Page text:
Singapore’s Catholic archbishop has released a pastoral letter strongly opposing the repeal of a law in that nation which criminalizes homosexuality. He claimed at one point that decriminalization would have “long-term and irreversible” consequences which are “dreadful.”
Archbishop William Goh published the letter last week on the question of whether Section 377A of Singapore’s Penal Code should be repealed, a conversation given new life after a legal challenge was filed earlier this month that claims the law is unconstitutional. Goh warned against a “slippery slope” which could occur if homosexuality were decriminalized, writing:
“Indeed, I would not object to a repeal of S377A if it were merely aimed at removing all potential criminal penalties against homosexuals. However, until and unless Parliament puts in place a formulation that more perfectly encapsulates the spirit of the law, guaranteeing the protection of the rights of the majority who favour the traditional family, and that no further demands be made to legalise same-sex unions, adoption of babies by same sex couples, surrogacy, or to criminalise those who do not support the homosexual lifestyle, I am of the view that S377A should not be repealed under the present circumstances. This is because, by accepting homosexual acts as a social norm, the dreadful consequences for the stability of our families, the well-being of our children, and the risks to the common good will be long-term and irreversible.
“As the chief shepherd of the archdiocese, I therefore appeal to all Catholics to make a conscientious decision to reject the repeal for the future of our families, humanity and society. Looking at the dire consequences for countries which normalised same-sex unions and the ramifications that followed, may we not repeat the mistake that others have made! I pray that we will not walk the slippery path of no return.”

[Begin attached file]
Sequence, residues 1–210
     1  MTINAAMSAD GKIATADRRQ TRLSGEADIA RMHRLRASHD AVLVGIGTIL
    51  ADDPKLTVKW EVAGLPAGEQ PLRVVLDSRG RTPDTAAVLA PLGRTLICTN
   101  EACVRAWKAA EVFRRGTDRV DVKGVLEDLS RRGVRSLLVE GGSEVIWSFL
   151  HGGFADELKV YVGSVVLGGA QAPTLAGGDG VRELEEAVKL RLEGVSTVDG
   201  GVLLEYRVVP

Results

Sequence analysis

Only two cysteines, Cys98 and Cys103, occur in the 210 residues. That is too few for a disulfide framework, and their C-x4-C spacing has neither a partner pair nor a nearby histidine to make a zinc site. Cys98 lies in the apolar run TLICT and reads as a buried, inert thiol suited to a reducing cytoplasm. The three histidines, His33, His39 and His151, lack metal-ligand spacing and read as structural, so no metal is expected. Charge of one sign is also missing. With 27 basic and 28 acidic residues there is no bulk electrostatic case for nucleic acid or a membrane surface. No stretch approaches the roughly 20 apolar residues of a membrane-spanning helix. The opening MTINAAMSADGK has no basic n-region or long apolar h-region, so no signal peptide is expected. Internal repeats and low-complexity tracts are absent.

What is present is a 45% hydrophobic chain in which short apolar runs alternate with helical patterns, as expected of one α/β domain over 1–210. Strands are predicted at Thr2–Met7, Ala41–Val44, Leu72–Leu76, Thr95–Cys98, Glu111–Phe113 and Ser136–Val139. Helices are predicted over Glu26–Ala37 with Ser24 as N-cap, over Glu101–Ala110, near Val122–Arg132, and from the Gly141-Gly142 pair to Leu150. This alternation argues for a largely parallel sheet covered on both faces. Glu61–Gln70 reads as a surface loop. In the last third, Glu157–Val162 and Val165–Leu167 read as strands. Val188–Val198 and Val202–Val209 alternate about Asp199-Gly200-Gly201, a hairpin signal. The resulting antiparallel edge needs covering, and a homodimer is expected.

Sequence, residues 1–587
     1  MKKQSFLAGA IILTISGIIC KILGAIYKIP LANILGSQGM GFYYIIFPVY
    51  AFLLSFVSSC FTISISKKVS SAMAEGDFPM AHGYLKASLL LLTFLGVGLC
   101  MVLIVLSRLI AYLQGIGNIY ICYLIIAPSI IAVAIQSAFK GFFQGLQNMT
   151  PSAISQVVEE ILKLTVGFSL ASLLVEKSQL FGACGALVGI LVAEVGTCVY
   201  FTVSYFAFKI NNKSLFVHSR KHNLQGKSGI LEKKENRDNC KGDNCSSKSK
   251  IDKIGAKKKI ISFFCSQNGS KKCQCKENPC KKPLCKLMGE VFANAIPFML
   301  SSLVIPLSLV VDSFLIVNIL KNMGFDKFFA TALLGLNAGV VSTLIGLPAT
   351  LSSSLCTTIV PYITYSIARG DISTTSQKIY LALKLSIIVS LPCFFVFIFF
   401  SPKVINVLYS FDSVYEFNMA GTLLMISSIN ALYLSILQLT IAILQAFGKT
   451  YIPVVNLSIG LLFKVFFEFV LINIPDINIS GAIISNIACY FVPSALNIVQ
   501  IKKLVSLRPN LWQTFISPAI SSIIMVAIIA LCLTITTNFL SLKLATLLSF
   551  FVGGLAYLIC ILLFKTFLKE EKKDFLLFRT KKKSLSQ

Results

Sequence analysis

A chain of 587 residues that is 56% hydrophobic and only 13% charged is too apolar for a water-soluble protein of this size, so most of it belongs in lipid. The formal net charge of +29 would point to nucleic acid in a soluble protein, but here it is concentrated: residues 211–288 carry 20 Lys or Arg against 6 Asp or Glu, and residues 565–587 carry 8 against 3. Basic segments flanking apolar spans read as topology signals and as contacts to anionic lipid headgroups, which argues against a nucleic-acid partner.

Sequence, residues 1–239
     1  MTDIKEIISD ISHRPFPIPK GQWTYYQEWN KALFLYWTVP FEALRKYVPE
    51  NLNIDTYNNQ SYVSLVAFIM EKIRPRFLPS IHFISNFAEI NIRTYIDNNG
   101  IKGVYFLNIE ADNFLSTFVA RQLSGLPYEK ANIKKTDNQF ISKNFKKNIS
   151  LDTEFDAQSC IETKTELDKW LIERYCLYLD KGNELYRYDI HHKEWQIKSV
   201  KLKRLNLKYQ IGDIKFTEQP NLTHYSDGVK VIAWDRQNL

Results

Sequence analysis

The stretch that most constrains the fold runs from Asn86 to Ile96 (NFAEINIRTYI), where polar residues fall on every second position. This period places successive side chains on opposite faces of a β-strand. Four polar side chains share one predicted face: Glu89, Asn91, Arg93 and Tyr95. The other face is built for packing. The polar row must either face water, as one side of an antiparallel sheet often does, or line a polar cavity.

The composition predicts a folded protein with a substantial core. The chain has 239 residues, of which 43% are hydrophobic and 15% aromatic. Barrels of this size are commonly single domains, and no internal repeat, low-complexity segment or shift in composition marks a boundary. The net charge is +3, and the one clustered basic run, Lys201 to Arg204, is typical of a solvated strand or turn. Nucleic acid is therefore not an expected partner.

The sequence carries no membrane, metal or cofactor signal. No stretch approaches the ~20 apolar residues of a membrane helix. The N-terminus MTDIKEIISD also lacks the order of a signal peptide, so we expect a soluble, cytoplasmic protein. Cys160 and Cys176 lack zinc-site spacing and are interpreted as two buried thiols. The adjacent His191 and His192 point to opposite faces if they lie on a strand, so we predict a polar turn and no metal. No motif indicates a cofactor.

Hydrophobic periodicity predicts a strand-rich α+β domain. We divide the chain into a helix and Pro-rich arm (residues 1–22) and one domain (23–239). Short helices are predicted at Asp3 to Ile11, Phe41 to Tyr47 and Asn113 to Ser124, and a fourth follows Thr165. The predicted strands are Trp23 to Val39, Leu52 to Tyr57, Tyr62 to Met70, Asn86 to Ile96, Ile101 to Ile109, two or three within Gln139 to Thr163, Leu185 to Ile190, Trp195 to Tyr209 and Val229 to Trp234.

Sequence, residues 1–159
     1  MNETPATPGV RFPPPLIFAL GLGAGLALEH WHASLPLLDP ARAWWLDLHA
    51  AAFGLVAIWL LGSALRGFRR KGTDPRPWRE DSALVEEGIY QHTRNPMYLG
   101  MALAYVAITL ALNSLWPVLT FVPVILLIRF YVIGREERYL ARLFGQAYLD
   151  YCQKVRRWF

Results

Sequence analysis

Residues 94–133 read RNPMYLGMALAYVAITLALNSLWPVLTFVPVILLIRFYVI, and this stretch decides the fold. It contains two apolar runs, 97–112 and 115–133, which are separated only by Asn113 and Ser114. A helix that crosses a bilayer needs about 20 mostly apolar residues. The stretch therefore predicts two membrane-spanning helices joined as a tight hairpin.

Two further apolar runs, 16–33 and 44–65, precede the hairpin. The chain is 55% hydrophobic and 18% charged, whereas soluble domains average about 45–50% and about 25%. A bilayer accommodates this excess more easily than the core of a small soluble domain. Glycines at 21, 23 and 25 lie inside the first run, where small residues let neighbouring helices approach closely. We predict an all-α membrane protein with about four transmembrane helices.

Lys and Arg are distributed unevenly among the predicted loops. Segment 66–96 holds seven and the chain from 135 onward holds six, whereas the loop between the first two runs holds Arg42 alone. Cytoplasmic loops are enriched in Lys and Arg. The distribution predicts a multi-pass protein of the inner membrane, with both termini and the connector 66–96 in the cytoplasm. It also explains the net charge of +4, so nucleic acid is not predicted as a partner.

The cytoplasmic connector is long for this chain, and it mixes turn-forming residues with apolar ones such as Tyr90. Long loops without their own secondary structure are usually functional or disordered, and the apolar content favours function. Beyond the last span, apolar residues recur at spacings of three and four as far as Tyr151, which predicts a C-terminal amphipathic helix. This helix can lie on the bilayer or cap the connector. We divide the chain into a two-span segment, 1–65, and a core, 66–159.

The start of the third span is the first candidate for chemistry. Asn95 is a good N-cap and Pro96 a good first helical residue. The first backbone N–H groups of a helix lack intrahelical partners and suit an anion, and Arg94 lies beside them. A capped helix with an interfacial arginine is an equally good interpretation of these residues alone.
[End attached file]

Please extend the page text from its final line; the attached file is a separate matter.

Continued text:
Goh’s letter included reiterations of church teaching on sexuality and civic engagement, as well as including questions to help Catholics decide whether or not they support repeal. The questions, some very leading, included:
- “What is the underlying intent of the law? Is it not to underscore that the norm for our society is marriage between a man and a woman, in order to preserve the stability of marriage and the family and society?. . .
- “Will repealing the law help to promote the flourishing of individuals, family and society according to God’s Plan? Or will it embolden activists to push further for the normalisation of same-sex relationships, such as legislation to permit same-sex marriage and the adoption of children by same-sex couples?. . .
- Will the repeal of this law lead to the subjugation of the rights of Catholics to exercise their faith values, and force them to accept homosexual values and lifestyles in their homes, schools, faith communities, work places and places of worship?”
The archbishop concluded his letter with an appeal for Catholics to contact government officials to express support for the continued criminalization of lesbian and gay people and to sign a petition towards that end which has garnered more than 100,000 signatures.
Section 377A is a colonial law leftover from when the British ruled Singapore, similar to other criminalization laws in former colonies. The law is not presently enforced. Catholics make up about 6% of Singapore’s population, totaling around 300,000.